Farmers SpeakJanuary 13, 2016

Take Five: Ingrid Hannan, Urban Eden Farm

Ingrid Hannan, Urban Eden Farm
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Take Five with Ingrid Hannan, Urban Eden Farm, Spokane, Wa

This interview is the first in our series “Take Five: The Face of our Food.”. These 5 questions are a quick snapshot of the motivation, challenges, aspirations, and diversity of farmers around the country. Interested in being featured in our series? Email

Ingrid Hannan manages Urban Eden Farm  alongside Patrick Mannhard and a crew of farmhands and volunteers. Urban Eden Farm is a small-scale, organic-method vegetable farm in the city limits of Spokane, Washington. 

1. What do you like best about being a farmer? What drew you to this career/lifestyle?

I started farming because it was a practical, tangible, grounded way of addressing environmental and social problems in the world. I had learned about a lot of the faults with our current food systems, and local organic vegetable growing answered a lot of those problems. But it was the lifestyle that really held me. Being outside on cool summer mornings, eating fresh beans out of the field, wearing dirt-covered pants instead of a uniform, having passionate and enthusiastic co-workers, learning to work with tools and machines...there's a huge list of benefits that I have come to deeply appreciate

2. What is one challenge you and others farmers that you know are facing?

There are lots of challenges faced by small-scale food producers. I would say one of the biggest challenges is overcoming the bad shopping habits of the public. Because of subsidies and changing generational values, the majority of people place low cost and convenience above all else when making food purchases. This means that even though there are about 300,000 people living in our general area, we struggle to see even 1 percent of them coming to the farmer's markets.  This means that our gorgeous, seasonal, hand-picked produce is competing with big-box store prices, which just doesn't work.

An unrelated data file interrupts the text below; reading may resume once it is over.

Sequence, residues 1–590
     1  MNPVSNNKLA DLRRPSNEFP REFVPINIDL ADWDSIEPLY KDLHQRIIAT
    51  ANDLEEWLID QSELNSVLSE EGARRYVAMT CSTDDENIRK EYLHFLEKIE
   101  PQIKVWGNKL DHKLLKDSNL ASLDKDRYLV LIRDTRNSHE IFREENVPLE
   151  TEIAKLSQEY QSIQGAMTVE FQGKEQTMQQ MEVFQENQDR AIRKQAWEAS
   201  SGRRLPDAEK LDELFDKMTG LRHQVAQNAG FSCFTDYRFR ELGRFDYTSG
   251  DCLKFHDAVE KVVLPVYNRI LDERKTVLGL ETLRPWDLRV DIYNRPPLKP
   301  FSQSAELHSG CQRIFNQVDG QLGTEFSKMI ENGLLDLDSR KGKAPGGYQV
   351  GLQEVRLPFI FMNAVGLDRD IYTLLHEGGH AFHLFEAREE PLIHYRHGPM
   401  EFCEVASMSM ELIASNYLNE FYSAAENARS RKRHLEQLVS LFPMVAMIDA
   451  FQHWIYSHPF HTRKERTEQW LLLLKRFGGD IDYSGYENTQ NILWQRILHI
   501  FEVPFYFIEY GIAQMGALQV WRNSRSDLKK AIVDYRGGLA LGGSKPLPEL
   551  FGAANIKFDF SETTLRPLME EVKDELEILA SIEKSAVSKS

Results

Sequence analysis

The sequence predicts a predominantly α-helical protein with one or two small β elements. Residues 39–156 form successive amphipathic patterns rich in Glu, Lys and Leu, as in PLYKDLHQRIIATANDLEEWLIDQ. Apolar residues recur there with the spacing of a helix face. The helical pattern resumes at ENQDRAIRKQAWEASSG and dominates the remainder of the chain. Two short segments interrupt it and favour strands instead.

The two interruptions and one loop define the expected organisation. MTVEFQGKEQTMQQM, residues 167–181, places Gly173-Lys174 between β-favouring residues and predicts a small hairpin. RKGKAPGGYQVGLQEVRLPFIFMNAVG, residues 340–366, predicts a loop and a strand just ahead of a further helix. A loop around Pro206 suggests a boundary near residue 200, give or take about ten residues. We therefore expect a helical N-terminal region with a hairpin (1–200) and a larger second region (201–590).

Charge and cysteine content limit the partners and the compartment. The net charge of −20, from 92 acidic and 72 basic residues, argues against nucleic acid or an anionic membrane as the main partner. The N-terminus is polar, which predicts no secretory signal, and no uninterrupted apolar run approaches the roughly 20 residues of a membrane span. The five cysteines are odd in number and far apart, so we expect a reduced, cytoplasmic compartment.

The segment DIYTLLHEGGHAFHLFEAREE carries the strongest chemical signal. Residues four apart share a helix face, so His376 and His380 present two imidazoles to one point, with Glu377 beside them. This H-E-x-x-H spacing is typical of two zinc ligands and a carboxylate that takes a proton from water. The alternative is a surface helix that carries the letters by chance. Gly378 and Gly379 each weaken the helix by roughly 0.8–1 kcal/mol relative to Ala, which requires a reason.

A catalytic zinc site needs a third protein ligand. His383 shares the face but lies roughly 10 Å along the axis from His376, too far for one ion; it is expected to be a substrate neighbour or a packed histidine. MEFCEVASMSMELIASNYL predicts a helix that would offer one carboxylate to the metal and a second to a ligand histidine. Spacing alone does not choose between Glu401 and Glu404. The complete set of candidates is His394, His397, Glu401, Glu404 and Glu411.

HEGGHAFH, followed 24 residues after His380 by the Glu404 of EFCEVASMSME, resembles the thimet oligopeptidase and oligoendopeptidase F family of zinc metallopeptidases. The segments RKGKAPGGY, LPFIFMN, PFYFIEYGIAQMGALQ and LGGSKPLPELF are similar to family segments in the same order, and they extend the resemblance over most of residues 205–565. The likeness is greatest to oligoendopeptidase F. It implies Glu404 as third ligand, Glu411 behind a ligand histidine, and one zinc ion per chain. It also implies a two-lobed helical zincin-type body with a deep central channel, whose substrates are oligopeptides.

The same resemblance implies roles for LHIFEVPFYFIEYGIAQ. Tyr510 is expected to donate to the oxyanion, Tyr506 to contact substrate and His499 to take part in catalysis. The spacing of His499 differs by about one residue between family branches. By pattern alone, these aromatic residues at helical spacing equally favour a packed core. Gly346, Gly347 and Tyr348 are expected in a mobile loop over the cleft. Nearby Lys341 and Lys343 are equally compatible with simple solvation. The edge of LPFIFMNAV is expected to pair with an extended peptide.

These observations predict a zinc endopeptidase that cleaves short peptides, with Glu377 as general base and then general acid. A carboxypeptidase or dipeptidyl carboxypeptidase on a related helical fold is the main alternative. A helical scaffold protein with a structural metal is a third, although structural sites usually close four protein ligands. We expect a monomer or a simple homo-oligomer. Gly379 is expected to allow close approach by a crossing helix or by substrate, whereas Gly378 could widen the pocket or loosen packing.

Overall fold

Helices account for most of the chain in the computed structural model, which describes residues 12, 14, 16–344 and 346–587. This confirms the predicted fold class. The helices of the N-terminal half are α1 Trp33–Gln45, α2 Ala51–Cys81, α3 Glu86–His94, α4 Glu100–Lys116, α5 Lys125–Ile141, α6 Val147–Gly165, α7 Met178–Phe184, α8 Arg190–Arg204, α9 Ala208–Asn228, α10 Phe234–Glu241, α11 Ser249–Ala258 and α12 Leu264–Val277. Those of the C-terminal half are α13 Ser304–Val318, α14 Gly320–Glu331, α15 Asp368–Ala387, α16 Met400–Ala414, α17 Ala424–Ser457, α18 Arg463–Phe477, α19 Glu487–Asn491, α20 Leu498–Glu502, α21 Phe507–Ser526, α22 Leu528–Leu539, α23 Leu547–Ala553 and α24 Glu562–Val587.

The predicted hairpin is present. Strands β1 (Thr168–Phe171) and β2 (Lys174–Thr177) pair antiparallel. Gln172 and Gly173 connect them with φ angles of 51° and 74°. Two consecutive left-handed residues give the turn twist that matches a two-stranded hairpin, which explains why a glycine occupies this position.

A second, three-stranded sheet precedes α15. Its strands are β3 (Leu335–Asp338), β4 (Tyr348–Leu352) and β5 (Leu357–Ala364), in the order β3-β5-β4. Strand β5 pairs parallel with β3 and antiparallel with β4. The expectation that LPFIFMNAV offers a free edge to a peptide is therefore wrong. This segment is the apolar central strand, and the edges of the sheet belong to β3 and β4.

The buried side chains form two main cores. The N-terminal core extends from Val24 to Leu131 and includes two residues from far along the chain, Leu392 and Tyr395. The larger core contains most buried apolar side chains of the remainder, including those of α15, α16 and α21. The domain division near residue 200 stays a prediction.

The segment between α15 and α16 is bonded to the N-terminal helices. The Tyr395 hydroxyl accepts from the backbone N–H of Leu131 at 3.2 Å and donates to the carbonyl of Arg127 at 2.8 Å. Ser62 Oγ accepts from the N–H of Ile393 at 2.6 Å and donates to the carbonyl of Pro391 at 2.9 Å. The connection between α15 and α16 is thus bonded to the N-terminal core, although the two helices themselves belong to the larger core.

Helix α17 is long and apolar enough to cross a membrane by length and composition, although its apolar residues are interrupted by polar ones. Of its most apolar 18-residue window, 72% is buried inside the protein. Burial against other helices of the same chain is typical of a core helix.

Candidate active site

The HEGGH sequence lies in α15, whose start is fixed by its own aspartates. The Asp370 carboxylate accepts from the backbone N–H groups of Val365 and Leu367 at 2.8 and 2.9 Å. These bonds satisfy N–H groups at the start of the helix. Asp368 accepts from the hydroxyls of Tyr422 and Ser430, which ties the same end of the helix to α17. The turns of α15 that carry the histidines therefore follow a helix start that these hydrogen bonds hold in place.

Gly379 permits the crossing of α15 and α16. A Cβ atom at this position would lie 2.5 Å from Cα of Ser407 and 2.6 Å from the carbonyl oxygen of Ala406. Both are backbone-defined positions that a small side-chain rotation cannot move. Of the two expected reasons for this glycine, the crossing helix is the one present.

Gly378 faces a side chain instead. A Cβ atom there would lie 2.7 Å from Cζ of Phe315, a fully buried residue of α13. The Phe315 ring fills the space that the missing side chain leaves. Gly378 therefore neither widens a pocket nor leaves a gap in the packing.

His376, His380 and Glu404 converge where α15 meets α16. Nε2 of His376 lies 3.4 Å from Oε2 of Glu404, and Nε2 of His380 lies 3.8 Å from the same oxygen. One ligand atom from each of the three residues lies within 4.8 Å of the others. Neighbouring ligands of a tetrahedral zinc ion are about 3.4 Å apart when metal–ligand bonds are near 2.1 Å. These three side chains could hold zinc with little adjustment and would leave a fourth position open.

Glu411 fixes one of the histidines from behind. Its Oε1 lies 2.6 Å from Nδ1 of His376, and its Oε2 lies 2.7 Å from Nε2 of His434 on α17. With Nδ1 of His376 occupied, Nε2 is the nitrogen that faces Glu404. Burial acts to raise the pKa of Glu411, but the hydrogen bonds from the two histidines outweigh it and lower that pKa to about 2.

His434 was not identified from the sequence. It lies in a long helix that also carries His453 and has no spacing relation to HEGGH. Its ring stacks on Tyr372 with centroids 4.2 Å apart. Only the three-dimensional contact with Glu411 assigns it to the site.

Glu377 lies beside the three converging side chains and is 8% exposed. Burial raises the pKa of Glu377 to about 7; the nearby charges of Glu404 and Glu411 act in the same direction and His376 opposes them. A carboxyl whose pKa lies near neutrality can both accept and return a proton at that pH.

3. How do you feel owning a farm business is different from owning another small businesses or being an entrepreneur in another field? 

I would guess that very few businesses are handling the entire chain of production within their model. Not only are we manufacturing multiple products, but we also do sales, marketing, shipping and handling, advertising, and customer service. And we don't have a separate employee for each role. We also have a few extra hurdles compared to other businesses; there are many variables outside our control that affect our ability to be productive like weather and pests, and our final product is perishable.  So after all that work from raw material to sales display, the value of our merchandise drops to zero pretty quickly.  When put in these terms, farming seems like an impossible, risky business!

4. What is the hardest part of farming for you? The most satisfying? 

The hardest part is the repeated long hours of physical labor. By the end of the season, I am physically pretty drained. We really put our whole bodies into the effort, literally blood, sweat, and tears. The most satisfying part is seeing the whole picture of our efforts. The fields are lush and full of food, the farmer's market display is shiny and colorful and bountiful, our CSA members have become a community and they ate local veggies all summer.  Small scale farming is ultimately an idealistic venture, but it has such visible, tangible outcomes.

5. What changes do you predict farming in the US will see over the next 25 years?

I really hope that we'll be seeing a continued increase in farmer's markets, local food co-ops, restaurants based on seasonal and regional menus, community gardens, weekly box shares, small farm incubators, non-profit models for education, etc.  There are so many ways to make our food systems more secure and sustainable, I hope all of them work together for that greater good.  The current generation of large scale, mono-culture, industrialized style farmers is going to age out. And as we learn more and more about the pitfalls and negative effects of their systems, their children and grandchildren are going to engage in a rush of innovation, creativity, and problem-solving to make our food systems more equitable, sustainable, and healthy for everyone. 

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